Theta (6–12 Hz) oscillation in the CA1 local field potentials (LFPs) is associated with normal place cell activities (Buzsaki, 2002) and is known to organize multiple place cells into firing sequences at theta time scale (O’Keefe and Recce, 1993; Skaggs et al., 1996; Dragoi and Buzsaki, 2006). We next asked whether theta oscillations were altered in Tau mice. As seen in Figure 10A, the raw and filtered LFP traces of a Tau mouse appeared similar to those of a WT mouse, except that the overall magnitude of the Tau mouse’s LFPs was reduced, which is expected because of the massive neurodegeneration. Power spectral density (PSD) analysis of the raw traces showed a clear peak within the theta band in the LFP PSDs of both mice, but with a reduced amplitude in the Tau mouse’s (Figure 10B, left). However, when the PSD values were normalized by the total LFP power, the peak of the Tau mouse’s PSD was comparable with that of the WT mouse (Figure 10B, right), indicating the presence of prominent theta oscillations in the LFPs of the Tau mouse.

Figure 10.
Theta oscillations were present in Tau mice.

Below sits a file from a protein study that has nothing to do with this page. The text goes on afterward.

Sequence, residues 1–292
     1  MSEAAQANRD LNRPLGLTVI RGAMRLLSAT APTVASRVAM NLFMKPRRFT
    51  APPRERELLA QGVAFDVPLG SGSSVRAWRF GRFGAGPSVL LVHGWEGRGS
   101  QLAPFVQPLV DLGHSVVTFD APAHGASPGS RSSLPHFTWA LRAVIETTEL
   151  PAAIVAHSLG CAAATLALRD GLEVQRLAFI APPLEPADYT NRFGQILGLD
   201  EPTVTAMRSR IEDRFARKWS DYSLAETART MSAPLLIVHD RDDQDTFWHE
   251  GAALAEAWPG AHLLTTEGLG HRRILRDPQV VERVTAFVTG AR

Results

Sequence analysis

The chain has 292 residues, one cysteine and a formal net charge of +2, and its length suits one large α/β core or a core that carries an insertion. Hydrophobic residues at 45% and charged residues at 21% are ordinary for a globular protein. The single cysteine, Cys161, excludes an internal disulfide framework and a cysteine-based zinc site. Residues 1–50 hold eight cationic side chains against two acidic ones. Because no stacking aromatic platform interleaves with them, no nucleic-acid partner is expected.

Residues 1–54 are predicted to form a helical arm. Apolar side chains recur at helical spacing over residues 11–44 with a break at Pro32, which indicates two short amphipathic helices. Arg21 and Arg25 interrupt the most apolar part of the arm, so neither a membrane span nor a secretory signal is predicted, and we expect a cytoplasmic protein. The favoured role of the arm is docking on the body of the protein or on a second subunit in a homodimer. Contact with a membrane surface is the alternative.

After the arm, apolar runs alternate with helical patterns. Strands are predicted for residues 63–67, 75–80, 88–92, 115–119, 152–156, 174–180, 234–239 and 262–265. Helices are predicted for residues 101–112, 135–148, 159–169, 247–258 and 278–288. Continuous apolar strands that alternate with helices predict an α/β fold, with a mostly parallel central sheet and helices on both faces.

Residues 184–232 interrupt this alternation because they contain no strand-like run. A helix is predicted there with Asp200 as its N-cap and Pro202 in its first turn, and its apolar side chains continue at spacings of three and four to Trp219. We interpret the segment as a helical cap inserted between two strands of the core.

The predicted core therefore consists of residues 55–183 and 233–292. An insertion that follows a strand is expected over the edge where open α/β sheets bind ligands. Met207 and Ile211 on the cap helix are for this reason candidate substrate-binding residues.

We quantified the peak frequency and the absolute and normalized theta power for each LFP trace of a recording session. These parameters were compared among WT, Tau, and mice of two other control genotypes (+/−, −/+, see ‘Materials and methods’), which showed no obvious tau-mediated neurodegeneration in CA1 (Figure 1 and Table 1). There was a slight reduction in theta peak frequency in Tau mice (~8.5 Hz, compared with ~9.5 Hz in control mice) during familiar track and open box sessions. This difference became even less obvious in novel sessions (Figure 10C). The absolute theta power was apparently reduced in Tau mice from those of control animals (Figure 10D). However, the normalized theta power in Tau mice was significantly lower than that in control mice only during familiar track sessions, but not during open box sessions or novel track sessions (Figure 10E). We also restricted this analysis on LFPs within the start and end times of detected sequences in WT and Tau mice. The observation was similar (Figure 10F–H). Therefore, although LFPs in Tau mice were overall smaller, prominent theta oscillations were still present and qualitatively similar to those of WT mice, suggesting that abnormal theta oscillation is unlikely the cause of the difference between Tau and WT sequences.